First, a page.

The Uruti festival followed another held at the village school in Drury, about three and a half hours south by car.
Drowned possum joeys
Reported the Sunday Herald, “Young possum joeys were taken from their mother’s pouch and drowned in a bucket of water. The drownings came after several days of possum hunting, with hunters bringing the dead adult marsupials in for weighing, before they are sold to a fur buyer.
“Any joeys found dead or alive were removed from the carcass as the fur buyer doesn’t take any joeys. They were then put down in a manner that was believed to be lawful,” school board member Emiel Logan told the Sunday Herald.
Though drowning possum joeys in buckets grabbed global attention, this public display of cruelty constituted only a small part of the associated mayhem.
“For over 60 years, under the guise of ‘conservation,’ the New Zealand Department of Conservation and other agencies have been using helicopters to aerially drop a deadly toxin known as Compound 1080 (sodium monofluoroacetate) across vast areas of wilderness, waterways and even agricultural regions,” wrote Island Watch Conservation Science founder Maggie Sergio in an April 2017 guest column for the Huffington Post. “Other rodenticides are also used,” with net effects including vastly more harm to rare native birds than to the populations of introduced mammalian predators, who tend to relatively rapidly rebound.”
Developed in Nazi Germany in 1942 and used to kill prisoners, Compound 1080 has been made in the U.S. since 1956 by Tull Chemical of Oxford, Alabama. Then-U.S. president Richard Nixon banned domestic use of Compound 1080 in 1972, but did not ban manufacturing Compound 1080 for export to nations including Australia, Israel, Mexico, New Zealand, and South Korea. The Nixon ban on Compound 1080 was eased by U.S. president Ronald Reagan in 1985 to allow some use of sodium monofluoroacetate to kill coyotes.
“Whole ecosystem poisoning”
Wondered Sergio, “International tourism contributes an estimated $11.8 billion to New Zealand’s economy, and employs over 188,000 people. Would this pivotal industry be jeopardized if tourists knew about New Zealand’s bizarre program of whole ecosystem poisoning to eradicate animal species deemed pests?”
Especially since many of the pesticides used, including Compound 1080, are known to be dangerous, even deadly, to humans who come into contact with the pesticide residues? Apart from the Nazi victims, at least 13 people are known to have been killed by accidental and/or criminal exposure to Compound 1080.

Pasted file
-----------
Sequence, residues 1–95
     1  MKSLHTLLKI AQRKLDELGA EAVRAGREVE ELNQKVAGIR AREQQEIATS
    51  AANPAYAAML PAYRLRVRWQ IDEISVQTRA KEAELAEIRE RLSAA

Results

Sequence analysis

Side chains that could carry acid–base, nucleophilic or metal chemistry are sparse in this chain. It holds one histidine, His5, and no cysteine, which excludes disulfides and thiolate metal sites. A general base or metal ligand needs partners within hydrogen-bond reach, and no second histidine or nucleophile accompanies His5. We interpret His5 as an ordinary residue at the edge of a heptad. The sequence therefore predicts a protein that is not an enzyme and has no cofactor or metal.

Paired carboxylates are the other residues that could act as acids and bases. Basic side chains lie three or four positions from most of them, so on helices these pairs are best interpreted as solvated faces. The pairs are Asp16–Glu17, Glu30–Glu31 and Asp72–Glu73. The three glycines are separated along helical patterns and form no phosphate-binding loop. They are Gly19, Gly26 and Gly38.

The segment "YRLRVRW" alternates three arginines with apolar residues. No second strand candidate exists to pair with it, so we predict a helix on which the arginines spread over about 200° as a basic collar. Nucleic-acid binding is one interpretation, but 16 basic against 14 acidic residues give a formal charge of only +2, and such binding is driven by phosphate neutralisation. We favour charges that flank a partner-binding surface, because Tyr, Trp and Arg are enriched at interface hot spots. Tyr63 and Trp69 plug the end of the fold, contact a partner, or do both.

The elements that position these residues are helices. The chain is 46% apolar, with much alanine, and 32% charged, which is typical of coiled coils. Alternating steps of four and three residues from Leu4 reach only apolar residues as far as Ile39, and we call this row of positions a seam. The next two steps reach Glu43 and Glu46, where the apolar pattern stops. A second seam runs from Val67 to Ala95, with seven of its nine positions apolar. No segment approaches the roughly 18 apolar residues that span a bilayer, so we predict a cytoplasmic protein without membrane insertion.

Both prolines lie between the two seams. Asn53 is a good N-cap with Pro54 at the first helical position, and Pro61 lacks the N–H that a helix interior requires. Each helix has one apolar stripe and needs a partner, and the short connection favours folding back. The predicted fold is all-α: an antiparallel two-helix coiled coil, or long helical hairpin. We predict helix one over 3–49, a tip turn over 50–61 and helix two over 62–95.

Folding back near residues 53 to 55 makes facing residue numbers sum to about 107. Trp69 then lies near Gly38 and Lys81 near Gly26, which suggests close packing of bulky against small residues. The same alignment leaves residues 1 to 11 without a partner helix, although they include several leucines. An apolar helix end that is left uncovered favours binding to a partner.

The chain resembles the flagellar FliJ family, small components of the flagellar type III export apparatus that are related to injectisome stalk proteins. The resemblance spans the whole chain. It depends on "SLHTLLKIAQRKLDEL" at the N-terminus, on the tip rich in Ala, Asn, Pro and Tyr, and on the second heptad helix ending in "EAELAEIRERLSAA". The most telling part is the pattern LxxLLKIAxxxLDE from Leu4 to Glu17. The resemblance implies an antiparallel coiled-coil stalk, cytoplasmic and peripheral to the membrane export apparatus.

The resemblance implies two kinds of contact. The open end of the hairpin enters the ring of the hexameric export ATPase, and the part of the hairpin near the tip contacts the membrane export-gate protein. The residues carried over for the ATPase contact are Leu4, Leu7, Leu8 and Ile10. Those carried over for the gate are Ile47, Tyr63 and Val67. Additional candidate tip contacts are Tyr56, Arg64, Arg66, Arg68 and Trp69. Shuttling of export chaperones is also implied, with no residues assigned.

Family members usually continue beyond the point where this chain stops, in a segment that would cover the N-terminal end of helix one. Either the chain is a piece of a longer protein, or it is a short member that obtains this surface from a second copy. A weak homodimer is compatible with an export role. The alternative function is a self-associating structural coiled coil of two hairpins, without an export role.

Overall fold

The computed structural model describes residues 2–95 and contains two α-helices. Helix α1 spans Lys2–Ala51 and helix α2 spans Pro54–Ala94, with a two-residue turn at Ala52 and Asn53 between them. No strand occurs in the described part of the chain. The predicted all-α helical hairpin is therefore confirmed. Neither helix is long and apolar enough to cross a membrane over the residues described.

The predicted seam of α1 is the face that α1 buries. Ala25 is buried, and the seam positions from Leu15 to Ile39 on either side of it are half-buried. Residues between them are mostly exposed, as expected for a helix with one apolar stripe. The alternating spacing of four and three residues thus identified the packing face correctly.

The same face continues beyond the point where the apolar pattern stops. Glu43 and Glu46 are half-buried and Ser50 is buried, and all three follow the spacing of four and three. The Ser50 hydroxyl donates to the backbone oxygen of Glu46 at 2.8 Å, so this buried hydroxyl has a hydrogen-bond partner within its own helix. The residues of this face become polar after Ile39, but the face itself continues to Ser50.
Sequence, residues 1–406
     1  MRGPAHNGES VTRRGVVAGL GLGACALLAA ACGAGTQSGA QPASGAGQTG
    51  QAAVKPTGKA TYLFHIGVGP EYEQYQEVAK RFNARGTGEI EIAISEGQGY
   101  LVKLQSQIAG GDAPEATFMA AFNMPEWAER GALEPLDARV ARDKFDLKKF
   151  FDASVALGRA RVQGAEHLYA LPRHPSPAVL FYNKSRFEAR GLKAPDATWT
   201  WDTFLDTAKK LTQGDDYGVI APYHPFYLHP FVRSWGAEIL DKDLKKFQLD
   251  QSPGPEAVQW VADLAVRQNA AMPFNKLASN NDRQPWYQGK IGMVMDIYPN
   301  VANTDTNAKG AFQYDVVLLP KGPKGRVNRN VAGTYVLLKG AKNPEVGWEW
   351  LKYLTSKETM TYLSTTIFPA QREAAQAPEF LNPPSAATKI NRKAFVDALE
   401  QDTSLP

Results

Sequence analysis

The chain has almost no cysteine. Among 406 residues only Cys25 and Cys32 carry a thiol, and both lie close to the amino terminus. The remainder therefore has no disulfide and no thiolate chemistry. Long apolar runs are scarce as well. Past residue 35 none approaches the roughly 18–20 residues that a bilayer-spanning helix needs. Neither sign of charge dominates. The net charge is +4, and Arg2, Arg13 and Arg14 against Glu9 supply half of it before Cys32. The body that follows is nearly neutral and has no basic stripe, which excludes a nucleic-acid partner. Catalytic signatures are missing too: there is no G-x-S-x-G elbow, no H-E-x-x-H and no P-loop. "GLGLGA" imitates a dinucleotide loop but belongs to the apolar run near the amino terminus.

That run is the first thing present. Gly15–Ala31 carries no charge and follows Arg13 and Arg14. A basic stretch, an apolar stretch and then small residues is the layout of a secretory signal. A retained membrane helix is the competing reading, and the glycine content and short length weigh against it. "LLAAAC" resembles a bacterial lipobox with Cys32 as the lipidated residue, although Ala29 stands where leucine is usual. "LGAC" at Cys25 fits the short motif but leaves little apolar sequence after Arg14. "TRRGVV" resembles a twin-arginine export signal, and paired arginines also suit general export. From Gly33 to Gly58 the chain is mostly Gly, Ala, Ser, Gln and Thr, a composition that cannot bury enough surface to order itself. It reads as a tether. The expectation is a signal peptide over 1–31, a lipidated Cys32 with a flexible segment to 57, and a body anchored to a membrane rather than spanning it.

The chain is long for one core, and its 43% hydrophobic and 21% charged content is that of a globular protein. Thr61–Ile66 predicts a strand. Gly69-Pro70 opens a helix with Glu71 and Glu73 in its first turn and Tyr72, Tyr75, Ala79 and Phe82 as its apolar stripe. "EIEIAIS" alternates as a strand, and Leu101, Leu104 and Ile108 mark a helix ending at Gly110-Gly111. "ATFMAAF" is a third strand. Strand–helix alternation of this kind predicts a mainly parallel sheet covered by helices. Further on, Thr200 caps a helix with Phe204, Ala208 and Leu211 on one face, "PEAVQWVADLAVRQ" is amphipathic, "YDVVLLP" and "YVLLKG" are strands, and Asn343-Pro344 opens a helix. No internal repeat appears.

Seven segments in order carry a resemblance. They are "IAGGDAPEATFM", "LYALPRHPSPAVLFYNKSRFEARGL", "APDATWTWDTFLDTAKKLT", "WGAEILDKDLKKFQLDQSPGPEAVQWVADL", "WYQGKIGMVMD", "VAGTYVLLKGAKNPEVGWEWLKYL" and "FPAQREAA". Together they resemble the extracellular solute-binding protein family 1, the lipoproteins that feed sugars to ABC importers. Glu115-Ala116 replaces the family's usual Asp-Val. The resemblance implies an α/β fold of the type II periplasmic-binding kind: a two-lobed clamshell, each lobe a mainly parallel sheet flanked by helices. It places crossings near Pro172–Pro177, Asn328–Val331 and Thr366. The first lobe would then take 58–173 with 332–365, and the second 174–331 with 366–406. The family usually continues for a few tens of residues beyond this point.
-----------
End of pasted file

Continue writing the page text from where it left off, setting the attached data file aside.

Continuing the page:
Explained Scottish journalist and anti-Compound 1080 campaigner Bill Benfield (1947-2016), in one of his last articles, “It all started early last century, when a plant collector and gardener, with no formal qualification in botany, gained national credence with near hysterical campaigns against introduced animals.
“Leonard Cockayne (1855-1934) claimed deer browse would strip the forest from the mountains, causing massive erosion that would destroy towns and farms on the plains, ignoring all evidence that the forests had been intensively browsed without harm prior to human arrival,” Benfield summarized.
“The nation bought into this false crisis. Since 1930 New Zealand has waged a war against nature as a major and lucrative conservation industry. It is a war against demonized wildlife that has escalated into the poisoning of whole ecosystems. Cockayne was influential in [founding] New Zealand’s conservation group, Forest and Bird, who still use his ‘conservation crisis’ rhetoric as a powerful marketing tool for their own fundraising.”
Cockayne’s enduring influence, despite his egregious errors of observation, could be compared to that of ornithologist Edward Howe Forbush (1858-1929) in the U.S., who fueled generations of cat hatred by misattributing to cats the effects of insecticides, deforestation by farmers, and predation by birds against birds.